893.154/2–1245

The Consul General at Kunming ( Langdon ) to the Ambassador in China ( Hurley )74

No. 65

Sir: I have the honor to report that the first American convoy to reach China from India arrived in Kunming on Sunday morning, February 4, and was greeted with an impressive ceremony.

[Page 49]

The convoy, consisting of 113 vehicles, many of them mounting 105, 75 and 37 mm. howitzers and guns, left Ledo in Assam on January 11 and stopped eight days at Myitkyina and three days at Namhkhan, with overnight stops elsewhere along the road. The distance of some 1100 miles was covered without mishap.

[Here follows description of welcoming ceremonies.]

Many Chinese and foreign spectators of the ceremonies just mentioned stated that the feature of the historic affair which impressed them most was the appearance of the Chinese enlisted men who manned the convoy with the Americans. These men were from Ramgarh, India, (American-trained) units, most of them veterans of the North Burma campaigns. Sturdy, cleancut, confident, and jaunty, and dressed in khaki woolens and British-type helmets, they looked as unlike their local brothers in Chinese uniform as men of a different race. It did not seem possible that food, good care and training could work such a physical and psychological transformation on ordinary Chinese peasant soldier material. No doubt many Chinese thinking spectators looked into the future and saw in these Chinese soldiers samples of the Chinese masses under a modern, efficient and socially-solicitous government. It is of interest in this connection that the Chinese spectators seemed proud of those soldiers (although they regarded them as aliens), and that General Lung75 insisted on inviting all the Chinese enlisted men of the convoy to his reception, where it may be added they did not seem incongruous rubbing elbows with American and Chinese military and civilian dignitaries at that large gathering.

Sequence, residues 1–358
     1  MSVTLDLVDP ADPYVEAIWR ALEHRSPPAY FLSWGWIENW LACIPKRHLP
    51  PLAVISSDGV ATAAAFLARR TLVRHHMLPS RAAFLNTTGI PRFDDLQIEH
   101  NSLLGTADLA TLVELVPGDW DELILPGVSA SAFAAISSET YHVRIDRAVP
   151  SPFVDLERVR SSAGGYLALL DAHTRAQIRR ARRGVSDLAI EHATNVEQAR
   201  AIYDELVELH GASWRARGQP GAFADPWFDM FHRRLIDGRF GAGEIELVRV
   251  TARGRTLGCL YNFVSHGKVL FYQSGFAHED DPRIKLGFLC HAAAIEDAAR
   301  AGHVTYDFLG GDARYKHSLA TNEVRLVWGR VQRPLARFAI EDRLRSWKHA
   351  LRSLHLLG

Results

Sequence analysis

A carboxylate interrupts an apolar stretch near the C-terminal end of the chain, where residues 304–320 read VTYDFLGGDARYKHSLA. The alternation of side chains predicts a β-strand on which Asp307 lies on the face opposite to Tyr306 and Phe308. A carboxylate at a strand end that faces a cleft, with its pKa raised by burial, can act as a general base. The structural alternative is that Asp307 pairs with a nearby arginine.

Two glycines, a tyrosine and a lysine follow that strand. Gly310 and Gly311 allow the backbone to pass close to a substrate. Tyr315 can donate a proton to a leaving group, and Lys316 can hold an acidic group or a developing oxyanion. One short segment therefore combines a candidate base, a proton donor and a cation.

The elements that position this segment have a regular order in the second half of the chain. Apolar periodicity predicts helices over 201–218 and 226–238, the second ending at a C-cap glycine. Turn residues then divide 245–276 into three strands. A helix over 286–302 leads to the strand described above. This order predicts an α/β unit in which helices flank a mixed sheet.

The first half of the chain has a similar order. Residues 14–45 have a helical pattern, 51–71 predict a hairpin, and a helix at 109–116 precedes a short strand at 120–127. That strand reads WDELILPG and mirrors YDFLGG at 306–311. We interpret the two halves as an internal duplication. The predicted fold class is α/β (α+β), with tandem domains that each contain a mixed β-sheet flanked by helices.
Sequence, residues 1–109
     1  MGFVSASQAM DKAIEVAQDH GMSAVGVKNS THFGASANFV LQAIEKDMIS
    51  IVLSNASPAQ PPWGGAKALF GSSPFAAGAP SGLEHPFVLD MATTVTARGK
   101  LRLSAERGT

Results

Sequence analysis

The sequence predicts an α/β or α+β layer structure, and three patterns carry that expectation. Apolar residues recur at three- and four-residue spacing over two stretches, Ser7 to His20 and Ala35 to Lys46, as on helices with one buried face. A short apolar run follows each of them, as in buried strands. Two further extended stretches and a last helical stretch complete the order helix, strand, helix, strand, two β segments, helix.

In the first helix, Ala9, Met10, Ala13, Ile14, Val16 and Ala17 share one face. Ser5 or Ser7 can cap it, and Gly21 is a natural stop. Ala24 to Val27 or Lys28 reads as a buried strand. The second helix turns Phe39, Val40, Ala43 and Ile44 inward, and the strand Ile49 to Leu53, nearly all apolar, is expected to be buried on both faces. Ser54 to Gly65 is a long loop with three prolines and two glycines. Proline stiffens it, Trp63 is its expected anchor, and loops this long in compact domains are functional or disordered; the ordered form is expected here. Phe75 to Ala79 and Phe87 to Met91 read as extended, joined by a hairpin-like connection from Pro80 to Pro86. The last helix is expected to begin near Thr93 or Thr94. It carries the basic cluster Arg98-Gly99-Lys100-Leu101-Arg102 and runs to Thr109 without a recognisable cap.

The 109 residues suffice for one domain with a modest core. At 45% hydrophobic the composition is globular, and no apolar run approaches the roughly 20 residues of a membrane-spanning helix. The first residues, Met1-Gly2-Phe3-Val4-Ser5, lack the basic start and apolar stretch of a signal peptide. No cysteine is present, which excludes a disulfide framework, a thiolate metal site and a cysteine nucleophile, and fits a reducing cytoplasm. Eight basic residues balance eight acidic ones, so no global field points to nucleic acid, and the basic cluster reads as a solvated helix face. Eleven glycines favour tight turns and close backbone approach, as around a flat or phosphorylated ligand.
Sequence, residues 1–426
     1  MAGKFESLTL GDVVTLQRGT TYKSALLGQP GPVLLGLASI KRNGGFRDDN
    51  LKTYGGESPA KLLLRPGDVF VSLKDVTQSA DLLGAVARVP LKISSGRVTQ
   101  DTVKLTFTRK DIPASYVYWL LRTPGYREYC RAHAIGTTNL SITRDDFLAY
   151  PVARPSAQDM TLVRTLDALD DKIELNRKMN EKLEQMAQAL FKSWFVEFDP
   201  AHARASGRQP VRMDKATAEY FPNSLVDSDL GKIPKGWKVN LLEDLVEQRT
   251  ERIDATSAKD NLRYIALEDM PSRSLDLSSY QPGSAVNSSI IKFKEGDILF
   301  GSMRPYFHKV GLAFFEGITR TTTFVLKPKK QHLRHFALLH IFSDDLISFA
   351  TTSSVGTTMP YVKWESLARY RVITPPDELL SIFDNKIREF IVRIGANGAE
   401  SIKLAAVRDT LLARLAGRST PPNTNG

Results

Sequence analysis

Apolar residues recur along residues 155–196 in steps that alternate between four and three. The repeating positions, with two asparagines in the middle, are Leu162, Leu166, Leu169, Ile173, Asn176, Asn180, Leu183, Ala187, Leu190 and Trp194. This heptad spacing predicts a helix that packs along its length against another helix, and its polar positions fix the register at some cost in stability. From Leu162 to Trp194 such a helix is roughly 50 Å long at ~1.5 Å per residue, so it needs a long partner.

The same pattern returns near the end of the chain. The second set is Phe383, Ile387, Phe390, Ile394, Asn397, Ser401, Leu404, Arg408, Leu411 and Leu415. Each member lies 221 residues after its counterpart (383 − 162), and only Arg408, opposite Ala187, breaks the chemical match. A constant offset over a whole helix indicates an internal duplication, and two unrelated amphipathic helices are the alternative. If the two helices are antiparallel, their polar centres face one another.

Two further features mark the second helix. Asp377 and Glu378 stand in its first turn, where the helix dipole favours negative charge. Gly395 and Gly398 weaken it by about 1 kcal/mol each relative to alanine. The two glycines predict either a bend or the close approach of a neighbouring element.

The day following the ceremonies, the British Embassy’s Press Attaché’s office in Kunming, in its daily news bulletin ran an article about the opening of the Ledo Road and Great Britain’s part in it: General Wingate’s Chindits, the 14th Indian Army’s pressure on the Japanese in the Kohima–Imphal area and its defense of the Bengal–Assam Railroad over which the Ledo Road construction was fed, the labor on the Road contributed by Indian coolies, et cetera. Outside of passing reference in Governor Lung’s address to the British and Indians who worked and fought on the Road, there was no visible acknowledgment in the ceremonies of the British part. The affair was a purely Chinese-American one, with no flags, speakers, national anthems, or portraits of heads of state other than American or Chinese. I learned that the different British organizations and groups here felt very hurt over the omission.

In an interview after the ceremonies, General Pick76 stated that another convoy from India was well on its way to Kunming and that [Page 50] many more convoys would soon follow regularly. Presently, overnight hostels for the drivers are being organized, he added. It is known from an authoritative source that the bed of the Tengchung–Myitkyina cut-off is completed and open at least to jeep travel.

Respectfully yours,

Wm. R. Langdon
  1. Copy transmitted to the Department by the Consul General at Kunming without covering despatch; received February 27.
  2. Chairman of the Yunnan Provincial Government.
  3. Brig. Gen. Lewis A. Pick, in charge of Ledo Road construction.